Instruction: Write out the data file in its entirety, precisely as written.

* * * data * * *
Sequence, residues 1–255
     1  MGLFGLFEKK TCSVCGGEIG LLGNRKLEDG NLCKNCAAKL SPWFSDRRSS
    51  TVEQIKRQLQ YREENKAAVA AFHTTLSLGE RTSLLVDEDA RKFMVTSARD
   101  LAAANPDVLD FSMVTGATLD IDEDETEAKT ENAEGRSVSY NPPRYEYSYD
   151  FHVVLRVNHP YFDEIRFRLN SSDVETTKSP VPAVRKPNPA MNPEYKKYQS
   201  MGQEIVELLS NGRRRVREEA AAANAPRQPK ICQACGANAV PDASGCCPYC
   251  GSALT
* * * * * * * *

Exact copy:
Sequence, residues 1–255
     1  MGLFGLFEKK TCSVCGGEIG LLGNRKLEDG NLCKNCAAKL SPWFSDRRSS
    51  TVEQIKRQLQ YREENKAAVA AFHTTLSLGE RTSLLVDEDA RKFMVTSARD
   101  LAAANPDVLD FSMVTGATLD IDEDETEAKT ENAEGRSVSY NPPRYEYSYD
   151  FHVVLRVNHP YFDEIRFRLN SSDVETTKSP VPAVRKPNPA MNPEYKKYQS
   201  MGQEIVELLS NGRRRVREEA AAANAPRQPK ICQACGANAV PDASGCCPYC
   251  GSALT